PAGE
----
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FORD TECHNICAL INFORMATION
PAGE ONE

Ford has produced some of the most powerful engines to ever come out of Detroit. With the V8 engine sizes ranging from 221-460, there is an engine size and configuration to cover just about any need or application. Ford engines do have some unique characteristics not found in any other make, so in this section we will try to familiarize you with some of the more common differences. This valve train related information should help you when choosing parts or assembling your engine.

Engine Types

Small Block, Uses "31" and "35" Prefix
This is the standard engine in most V8 applications. It has been around since the early 1960’s and remains very popular today in many configurations. The Small Block Ford engine is commonly referred to as the 5.0 engine found in the Mustang for many years. This engine has become one of the most frequently modified engines Ford has ever produced. There are a few differences in the valve train of this design, but for the most part, they are the same. One thing to remember is that the 221-302 engines have a very short deck height, requiring a short pushrod. The 351W engine, on the other hand, has a tall deck and a longer pushrod. The 1985-1995 5.0 blocks differ from the earlier blocks in that the lifter bosses are taller to accommodate the hydraulic roller lifters. The base circles of the cams for these blocks are larger because of the higher position of the lifters. These engines use either a prefix “31” (302) or a “35” (351) camshaft, depending on the firing order.

SVO V8 Race Engine, Uses “35” Prefix This engine is almost always found in all out racing, and is a cross between the Windsor and Cleveland designs. It utilizes a Windsor type block and a Cleveland type head. The newest of the head designs is referred to as the “Yates” head.

Cleveland/Modified, Uses “32” Prefix
This design was introduced in 1969 and was available as a 351 Cleveland, a 351C Boss or a 351/400 Modified. The easiest way to tell these engines from the standard small block is by looking at the front covers. The small block / SVO engines have a cast aluminum front cover and water pump housing. The Cleveland/Modified engines have a stamped steel flat front cover. Other than a few rocker arm differences, the valve train in all of these engines is very similar.

Big Block “FE”, Uses “33” Prefix
Ford’s “FE” engine family was introduced in 1958 and was available as either a 332 or a 352 version. Later, the range was expanded to include 390-428 versions. They have been out of production since the mid seventies but remain popular today. These engines utilize a shaft rocker arm system and can be most easily recognized by the fact that the intake manifold is very wide and extends part way under the valve covers. Almost all of the parts in the “FE” series are used only in this engine and are not interchangeable with other engine families.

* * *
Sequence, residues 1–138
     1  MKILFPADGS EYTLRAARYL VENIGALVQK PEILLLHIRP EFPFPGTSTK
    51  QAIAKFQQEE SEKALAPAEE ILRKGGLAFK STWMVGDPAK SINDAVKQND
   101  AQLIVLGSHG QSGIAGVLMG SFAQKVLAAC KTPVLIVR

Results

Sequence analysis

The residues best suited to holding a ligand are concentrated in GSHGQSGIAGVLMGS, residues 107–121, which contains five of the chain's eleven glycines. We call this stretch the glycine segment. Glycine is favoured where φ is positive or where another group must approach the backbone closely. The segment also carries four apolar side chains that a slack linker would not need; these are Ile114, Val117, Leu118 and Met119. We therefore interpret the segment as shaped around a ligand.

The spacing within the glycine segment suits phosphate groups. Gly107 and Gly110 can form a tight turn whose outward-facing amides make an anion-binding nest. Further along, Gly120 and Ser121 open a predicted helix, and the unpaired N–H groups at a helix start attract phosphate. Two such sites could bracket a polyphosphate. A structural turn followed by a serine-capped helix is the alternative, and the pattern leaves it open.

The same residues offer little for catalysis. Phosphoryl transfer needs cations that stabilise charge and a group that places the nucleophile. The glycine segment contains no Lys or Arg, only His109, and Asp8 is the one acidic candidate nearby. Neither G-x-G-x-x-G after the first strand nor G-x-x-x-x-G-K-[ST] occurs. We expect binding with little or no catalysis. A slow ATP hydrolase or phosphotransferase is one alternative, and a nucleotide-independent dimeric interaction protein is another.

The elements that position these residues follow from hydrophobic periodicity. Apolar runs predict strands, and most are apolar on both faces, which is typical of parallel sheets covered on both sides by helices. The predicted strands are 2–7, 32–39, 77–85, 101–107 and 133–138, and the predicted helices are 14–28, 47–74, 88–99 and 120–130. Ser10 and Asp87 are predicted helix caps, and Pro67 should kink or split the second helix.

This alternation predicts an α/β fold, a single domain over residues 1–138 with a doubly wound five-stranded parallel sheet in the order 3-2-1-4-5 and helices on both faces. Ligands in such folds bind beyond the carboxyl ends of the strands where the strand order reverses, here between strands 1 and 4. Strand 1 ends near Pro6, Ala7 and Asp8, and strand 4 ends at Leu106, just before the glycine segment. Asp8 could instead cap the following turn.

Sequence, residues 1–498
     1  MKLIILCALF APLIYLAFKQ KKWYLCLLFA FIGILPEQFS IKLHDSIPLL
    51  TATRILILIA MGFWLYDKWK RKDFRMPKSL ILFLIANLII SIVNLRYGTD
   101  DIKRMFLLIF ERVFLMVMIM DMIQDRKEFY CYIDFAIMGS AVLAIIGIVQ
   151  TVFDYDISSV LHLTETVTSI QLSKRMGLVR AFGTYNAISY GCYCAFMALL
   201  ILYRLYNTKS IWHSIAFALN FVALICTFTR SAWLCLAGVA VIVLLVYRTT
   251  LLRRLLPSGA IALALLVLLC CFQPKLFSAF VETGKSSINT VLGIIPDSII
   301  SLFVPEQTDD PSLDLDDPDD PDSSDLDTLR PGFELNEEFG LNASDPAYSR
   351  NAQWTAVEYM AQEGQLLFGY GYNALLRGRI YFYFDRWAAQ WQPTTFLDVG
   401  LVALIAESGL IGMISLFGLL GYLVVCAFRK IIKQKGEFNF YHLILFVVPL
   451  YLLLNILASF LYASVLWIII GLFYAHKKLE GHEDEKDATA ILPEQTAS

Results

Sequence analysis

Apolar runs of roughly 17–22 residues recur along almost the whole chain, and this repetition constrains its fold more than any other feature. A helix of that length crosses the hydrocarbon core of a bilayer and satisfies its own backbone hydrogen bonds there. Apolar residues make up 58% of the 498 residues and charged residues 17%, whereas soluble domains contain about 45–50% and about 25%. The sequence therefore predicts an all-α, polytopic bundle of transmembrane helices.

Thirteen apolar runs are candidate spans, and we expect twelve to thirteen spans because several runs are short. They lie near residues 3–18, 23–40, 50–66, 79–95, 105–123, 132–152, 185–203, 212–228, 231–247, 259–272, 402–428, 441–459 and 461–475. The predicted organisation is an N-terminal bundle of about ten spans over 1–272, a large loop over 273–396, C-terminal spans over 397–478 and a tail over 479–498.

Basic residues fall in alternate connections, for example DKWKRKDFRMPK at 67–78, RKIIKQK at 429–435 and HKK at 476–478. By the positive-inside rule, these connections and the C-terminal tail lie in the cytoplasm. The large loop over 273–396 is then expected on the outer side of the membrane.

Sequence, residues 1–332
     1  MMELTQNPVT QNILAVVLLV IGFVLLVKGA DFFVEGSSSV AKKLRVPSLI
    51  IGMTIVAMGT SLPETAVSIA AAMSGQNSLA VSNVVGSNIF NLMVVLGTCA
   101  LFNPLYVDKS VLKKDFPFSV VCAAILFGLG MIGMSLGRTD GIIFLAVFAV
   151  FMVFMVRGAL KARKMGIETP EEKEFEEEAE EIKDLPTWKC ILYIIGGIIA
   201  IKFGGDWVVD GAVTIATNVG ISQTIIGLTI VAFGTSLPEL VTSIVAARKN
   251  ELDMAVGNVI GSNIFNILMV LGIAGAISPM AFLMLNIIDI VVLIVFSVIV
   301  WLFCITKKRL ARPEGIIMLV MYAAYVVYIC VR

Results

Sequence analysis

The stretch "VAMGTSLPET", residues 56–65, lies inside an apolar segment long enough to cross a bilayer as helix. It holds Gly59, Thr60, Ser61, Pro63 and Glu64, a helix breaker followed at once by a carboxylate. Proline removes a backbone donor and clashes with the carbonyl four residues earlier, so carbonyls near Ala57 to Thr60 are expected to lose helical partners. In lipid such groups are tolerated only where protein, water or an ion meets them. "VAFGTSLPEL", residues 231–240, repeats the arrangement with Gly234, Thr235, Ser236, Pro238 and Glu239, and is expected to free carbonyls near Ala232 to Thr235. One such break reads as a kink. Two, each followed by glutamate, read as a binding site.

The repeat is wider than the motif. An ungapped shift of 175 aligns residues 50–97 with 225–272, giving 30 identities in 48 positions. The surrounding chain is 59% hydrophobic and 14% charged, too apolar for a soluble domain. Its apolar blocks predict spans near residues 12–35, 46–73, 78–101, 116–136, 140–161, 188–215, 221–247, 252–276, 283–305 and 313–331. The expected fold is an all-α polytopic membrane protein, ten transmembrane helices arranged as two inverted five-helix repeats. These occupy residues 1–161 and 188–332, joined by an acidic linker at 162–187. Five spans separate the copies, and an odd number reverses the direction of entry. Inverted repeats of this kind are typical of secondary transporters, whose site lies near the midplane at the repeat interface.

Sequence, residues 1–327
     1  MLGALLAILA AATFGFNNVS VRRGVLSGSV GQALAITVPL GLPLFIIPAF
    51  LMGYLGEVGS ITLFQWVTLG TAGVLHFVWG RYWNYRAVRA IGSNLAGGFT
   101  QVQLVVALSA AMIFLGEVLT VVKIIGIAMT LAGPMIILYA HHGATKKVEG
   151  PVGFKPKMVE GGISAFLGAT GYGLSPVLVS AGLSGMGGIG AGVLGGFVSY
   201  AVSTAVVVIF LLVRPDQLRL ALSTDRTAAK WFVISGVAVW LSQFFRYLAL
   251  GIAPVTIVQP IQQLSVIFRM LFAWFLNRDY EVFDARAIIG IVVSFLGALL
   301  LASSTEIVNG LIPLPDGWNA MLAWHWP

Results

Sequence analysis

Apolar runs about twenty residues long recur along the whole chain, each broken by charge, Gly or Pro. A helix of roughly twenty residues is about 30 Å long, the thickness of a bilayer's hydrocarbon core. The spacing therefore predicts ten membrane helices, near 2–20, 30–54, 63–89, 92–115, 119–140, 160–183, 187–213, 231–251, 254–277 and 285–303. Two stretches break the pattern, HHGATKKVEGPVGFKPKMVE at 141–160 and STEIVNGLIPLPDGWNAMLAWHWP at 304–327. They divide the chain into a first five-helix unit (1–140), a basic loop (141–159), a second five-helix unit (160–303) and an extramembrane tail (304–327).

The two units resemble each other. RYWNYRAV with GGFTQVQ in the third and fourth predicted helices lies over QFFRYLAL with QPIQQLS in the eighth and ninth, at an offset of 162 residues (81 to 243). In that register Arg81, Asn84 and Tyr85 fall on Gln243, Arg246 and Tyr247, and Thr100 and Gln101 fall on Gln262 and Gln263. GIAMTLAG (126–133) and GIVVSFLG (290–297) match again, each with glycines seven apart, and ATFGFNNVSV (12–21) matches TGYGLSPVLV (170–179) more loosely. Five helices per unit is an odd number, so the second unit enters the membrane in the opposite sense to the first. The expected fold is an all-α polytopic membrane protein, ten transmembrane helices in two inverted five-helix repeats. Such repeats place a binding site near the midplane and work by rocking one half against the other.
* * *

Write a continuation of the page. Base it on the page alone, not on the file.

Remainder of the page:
Big Block “FF”, Uses “34” Prefix
The engine commonly referred to as the Ford Big Block is the 429-460 and was used in light trucks and motorhomes. It is an outstanding engine for boats, bracket racing or towing. It typically has a similar but larger “Cleveland” style valve train.

Modular Type Engines
The Ford “Modular Engine” was introduced in the early 1990’s, with the idea of designing a new generation of engines from scratch, rather than basing them on then-current production engines. They were developed to replace all existing Ford V8 pushrod engines. The “Modular” term came about because of the many interchangeable components between the SOHC and DOHC engines, as well as the ability of Ford to machine and assemble the various engines on the same assembly lines.

The design focuses on low friction, excellent sealing and increased block stiffness. With a modern block and head design in 2 valve, 3 valve, and 4 valve configurations, the engines are both versatile and powerful. They have a sophisticated overhead cam design in both single and dual overhead cam versions that utilizes a roller finger follower to reduce friction, increase rpm potential and eliminate maintenance.

All of the cylinder blocks have deep skirts, and nearly all of the main caps are cross-bolted. SOHC engines have cast iron blocks; DOHC engines have aluminum blocks. All cylinder heads are aluminum, with very long head bolts to reduce distortion of the cylinder bores and improve sealing. The new design also allows the accessories to be rigidly mounted directly to the block.

4.6L & 5.4L 2 Valve SOHC, Uses “102” Prefix
The 4.6L version of this engine first came out in the 1991 Lincoln Town Car and later was installed in the Crown Victoria, Grand Marquis, Thunderbird and Cougar. This engine has grown to become the popular 5.0 Mustang replacement.

In 1997 the 5.4L version of the 2 valve SOHC engine was introduced. This engine, known as the "Triton" truck engine, has numerous parts that are interchangeable with the modular car engines. However, not all are identical since the truck engines are built to handle more severe duty.

4.6L & 5.4L 3 Valve SOHC, Uses “127” Prefix
The 4.6L SOHC 3 valve engine is available in today’s Mustangs. The engine features variable cam timing, allowing the valves to open and close earlier or later as needed for optimum power.

This technology was first introduced in 2004 in the 5.4L 3 valve DOHC engines. This engine, also known as the "Triton", is primarily in the F-150 trucks.

4.6L 4 Valve DOHC, Uses “106” Prefix
This engine showed up first in the 1993 Lincoln Mark VIII and later in the front-wheel drive Continental. It has since been put in performance cars, such as the Mustang Cobra.

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